Amino acid based medications usually contain Tryptophan. Again this is safe under all circumstances.
Physical and Energy Therapies – T-Touch, body wraps and massages, acupressure, Reiki and Crystal Healing are all energetic healing methods which are gentle yet exceptionally effective. Many of the simple techniques of each modality can be easily learned and applied by owners at home for effective stress relief, fear dissipation, and confidence building.
Just being with an animal with an open heart, comforting with warmth and presence, can work wonders for a traumatised individual. Always remember to be CALM, and grounded when working with animals. It is good practice to take a few deep breaths, open your heart and make slow deliberate movements with love and good intentions towards an animal. Animals immediately pick up your state of being and your intentions. If you are nervous and afraid, they will pick this up and think there is good reason to be nervous and afraid of you too.
Choosing a suitable pet for your needs and circumstance!
When looking for a pet it is very important to know what the main purpose for the pet should be. Is it going to be a large guard dog, a smaller alert dog to raise an alarm, a companion for aged or handicapped people, or for a single child? Will the dog be in a childless home, with other dogs, or is it a pet for a small toddler, young growing child or teenager? Are the children rough, gentle, quiet or very active in general? Do you want a boy or girl dog? Are there any major tasks or expectancies that the pet must fulfil? You will need to consider body type, size, breed characteristics, temperament of an individual animal. The answers to the questions above will determine the type of dog that would best suit your situation or family dynamic.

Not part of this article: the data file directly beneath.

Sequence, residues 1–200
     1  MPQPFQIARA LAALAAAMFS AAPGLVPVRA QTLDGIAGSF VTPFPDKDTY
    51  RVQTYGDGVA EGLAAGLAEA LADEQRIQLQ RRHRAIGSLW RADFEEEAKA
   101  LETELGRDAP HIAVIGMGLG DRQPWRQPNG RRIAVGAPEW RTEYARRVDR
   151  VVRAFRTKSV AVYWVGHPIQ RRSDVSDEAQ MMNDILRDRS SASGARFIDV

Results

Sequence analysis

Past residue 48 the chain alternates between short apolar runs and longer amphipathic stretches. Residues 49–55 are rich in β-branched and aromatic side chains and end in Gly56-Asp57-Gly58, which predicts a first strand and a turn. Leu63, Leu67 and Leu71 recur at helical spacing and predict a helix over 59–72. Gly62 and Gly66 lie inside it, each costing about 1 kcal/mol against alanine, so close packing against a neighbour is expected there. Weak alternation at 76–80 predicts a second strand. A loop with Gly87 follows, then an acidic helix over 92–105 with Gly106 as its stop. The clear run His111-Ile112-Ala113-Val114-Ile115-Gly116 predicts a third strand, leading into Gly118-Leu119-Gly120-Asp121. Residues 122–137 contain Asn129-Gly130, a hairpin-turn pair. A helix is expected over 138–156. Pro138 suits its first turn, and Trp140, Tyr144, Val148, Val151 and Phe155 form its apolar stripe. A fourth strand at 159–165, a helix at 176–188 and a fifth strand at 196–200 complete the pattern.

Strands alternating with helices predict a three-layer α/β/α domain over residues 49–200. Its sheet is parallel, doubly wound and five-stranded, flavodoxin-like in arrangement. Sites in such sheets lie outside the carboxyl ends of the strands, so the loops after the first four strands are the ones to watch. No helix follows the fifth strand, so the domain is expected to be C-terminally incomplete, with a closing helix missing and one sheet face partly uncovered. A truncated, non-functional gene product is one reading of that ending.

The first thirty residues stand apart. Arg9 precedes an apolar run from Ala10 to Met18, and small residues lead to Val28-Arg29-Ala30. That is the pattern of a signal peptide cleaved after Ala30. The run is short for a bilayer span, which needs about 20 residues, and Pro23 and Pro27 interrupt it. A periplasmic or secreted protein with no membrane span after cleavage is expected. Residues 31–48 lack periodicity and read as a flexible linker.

For example you should not choose tiny frail animals such as teacup sizes for very young kids, or people with physical disabilities that may drop or hurt them by accident. You won't choose an aggressive large breed dog as a gentle, fearful toddler's companion! You won't choose a Yorkie as a guard dog, however they make excellent alert or alarm dogs which will mobilise a guard dog into action! Avoid having more than one entire male in the same household dynamic, especially if there is a female in the mix. This could lead to excessive fighting and someone is likely to get hurt. If you have a pristine home with wall to wall carpets and an anal spouse who won't tolerate dirt, please think twice about a puppy that needs house training unless you are all prepared to cope with the consequences and not dump your anger on the puppy, or rehome it, as this causes major psychological issues for young dogs. Also don't consider breeds that shed lots of hair such as Dalmatians or GSD's in these instances. The adopted pet may take the bulk of the emotional outbursts when it inadvertently upsets your spouse, ultimately damaging their psyche and can lead to long term problems such as inappropriate elimination, anger, jealousy and aggression.